The Old Town Hall was established in the 14th century as the administrative seat for Prague's Old Town. To best experience the Old Town Hall, we recommend getting a tour guide to listen to the history of the place. You will learn about the decorated rooms which date from various periods. The historical town hall consists of a set of five medieval houses, the corner of which is adorned with a historical astronomical clock, a gothic oriel window and a massive rectangular tower. You can also get tickets for the Old Town Hall Tower where you can admire Prague from above and photograph its beautiful rooftops.
The Astronomical clock, known as the Orloj is mounted on the Old Town Hall. The clock mechanism itself has three main components: the astronomical dial, "The Walk of the Apostles" and a calendar dial with medallions representing the months.
The astronomical dial represents the position of the Sun and The Moons with several interesting astronomical details.
The Walk of the Apostles has an hourly show of figures such as various Catholic saints and the figure of Death (a skeleton).
The Calendar dial simply represents the months.
Legend has it that Prague will suffer should the clock ever be neglected. A ghost which is mounted on the clock was meant to nod its head in confirmation. According to the legend, the only hope was represented by a boy born on New Year's night. Are you superstitious?
The Lennon Wall was a normal wall like any other. But in the 1980s it started being filled with John Lennon inspired graffiti and several bits of lyrics from the Beatles. Around 1988 the wall was a source of annoyance for the communist regime as youngsters would write their grievances on the wall. This led to several clashes between hundreds of students and security police on the nearby Charles Bridge. The movement was described ironically as "Lennonism" and Czech authorities described these people variously as alcoholics, mentally deranged, sociopathic, and agents of Western capitalism.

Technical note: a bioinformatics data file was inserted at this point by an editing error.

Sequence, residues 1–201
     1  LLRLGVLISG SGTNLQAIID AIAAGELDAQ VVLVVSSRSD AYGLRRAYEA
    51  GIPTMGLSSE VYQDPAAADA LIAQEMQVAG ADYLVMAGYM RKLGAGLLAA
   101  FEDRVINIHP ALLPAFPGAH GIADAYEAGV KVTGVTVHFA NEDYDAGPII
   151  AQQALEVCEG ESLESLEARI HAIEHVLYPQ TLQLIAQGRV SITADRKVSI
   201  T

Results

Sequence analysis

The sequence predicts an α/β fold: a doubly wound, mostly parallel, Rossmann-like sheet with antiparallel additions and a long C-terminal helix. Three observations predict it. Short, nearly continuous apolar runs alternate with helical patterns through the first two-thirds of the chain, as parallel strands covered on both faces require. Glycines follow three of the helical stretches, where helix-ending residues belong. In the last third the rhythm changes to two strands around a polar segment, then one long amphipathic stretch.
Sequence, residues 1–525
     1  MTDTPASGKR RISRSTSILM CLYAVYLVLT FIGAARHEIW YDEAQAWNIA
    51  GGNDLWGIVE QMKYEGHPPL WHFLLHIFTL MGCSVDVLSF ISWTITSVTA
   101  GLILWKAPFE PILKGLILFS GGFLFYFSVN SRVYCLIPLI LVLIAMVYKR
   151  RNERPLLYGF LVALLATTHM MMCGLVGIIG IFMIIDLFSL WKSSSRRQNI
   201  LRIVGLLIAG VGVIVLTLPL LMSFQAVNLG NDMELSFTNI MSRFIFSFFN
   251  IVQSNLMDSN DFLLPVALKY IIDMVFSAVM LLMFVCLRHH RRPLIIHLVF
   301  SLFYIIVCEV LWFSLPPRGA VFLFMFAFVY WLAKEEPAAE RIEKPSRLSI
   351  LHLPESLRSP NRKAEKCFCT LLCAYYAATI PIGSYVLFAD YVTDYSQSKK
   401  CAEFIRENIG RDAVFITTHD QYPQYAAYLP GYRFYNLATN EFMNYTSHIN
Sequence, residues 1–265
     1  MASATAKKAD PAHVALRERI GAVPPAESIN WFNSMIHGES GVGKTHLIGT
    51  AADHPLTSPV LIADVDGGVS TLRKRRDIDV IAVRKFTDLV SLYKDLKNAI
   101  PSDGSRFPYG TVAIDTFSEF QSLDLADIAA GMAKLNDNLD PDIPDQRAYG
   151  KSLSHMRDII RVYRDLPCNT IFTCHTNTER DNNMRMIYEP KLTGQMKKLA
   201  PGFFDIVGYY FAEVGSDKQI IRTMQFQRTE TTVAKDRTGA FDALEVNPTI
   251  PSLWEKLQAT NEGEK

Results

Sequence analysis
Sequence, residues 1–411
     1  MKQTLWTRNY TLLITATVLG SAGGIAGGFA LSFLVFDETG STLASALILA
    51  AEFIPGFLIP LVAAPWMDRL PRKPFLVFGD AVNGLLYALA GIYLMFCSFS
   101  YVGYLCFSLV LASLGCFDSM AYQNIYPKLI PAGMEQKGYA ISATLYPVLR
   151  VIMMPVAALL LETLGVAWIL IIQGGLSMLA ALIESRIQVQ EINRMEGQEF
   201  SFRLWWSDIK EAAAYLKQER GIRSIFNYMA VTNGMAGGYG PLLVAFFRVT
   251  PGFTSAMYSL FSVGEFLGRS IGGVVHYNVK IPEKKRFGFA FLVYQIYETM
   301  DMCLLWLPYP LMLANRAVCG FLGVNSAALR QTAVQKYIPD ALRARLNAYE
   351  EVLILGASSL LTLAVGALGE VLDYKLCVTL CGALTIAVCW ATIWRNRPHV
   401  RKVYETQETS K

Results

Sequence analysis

Statue of Franz Kafka
The Franz Kafka statue is a cool technical marvel in Prague. You will see forty-two moving panels which form the face of Franz Kafka. The statue was created by David Cerny and you can find it at the Quadrio shopping centre. The panels move so you can watch how they align to showcase Kafka's face.
Letná Park is large green park located on Letná hill. You should journey up to the park so you can enjoy incredible views of the city from above. It's a great green space for those who need to take a break from the city and enjoy a more quiet stroll in the afternoon.
We love a short cruise on the river. We enjoyed a cruise in Budapest and we didn't want to miss the chance of cruising on the Vltava. There are lots of river cruise options from budget quick rides, through romantic lunches to luxurious dinners and experiences with live music. We recommend this river cruise option. We used them before and really enjoyed our experience.
We love going to the Farmer's Markets and Prague was no exception. It's a place where you can get fresh fruit and veg, as well as handmade souvenirs. If you like supporting the local businesses then this place is for you. There are several markets scattered all around the city and you will even find one just off the main square. Make sure you have cash on you as they won't accept cards.
What is Prague well known for? Cheap and tasty beer! And the best way to get to know some locals and sample some beer is to go on a beer tour. Beer tours are well priced in Prague and worth every penny. Of course, you could do this on your own and probably pay less, but then you won't be learning about the history of the beer you are drinking and you won't get to socialise with awesome and friendly people. Check out this beer tour with a local.
Eat in Prague
Prague was the first city we visited since we changed our diet to plant-based. And we had no idea what to expect. Luckily, we found plenty of vegan options and had an array of restaurants to pick from. We learned that we can definitely travel vegan without an issue and enjoy our food as before. We recommend trying as much food as you can, as Prague has so many cool restaurants and dishes tailored to any dietary requirements. Oh, and don't forget to eat cake!
The Petřín Lookout Tower is a 63.5-metre-tall steel-framework tower in Prague. It is said to look like the Eiffel Tower. It was built in1891 and was used as an observation tower as well as a transmission tower. For a small fee, you can go to the top and admire the city in all its splendour.
With over 50 different museums to choose from, Prague is a great city for culture and art lovers. We recommend the National Museum of Prague and the Museum of Communism. We also very much loved the Prague National Art Gallery. You should probably allocate a whole day to explore Prague's epic museums.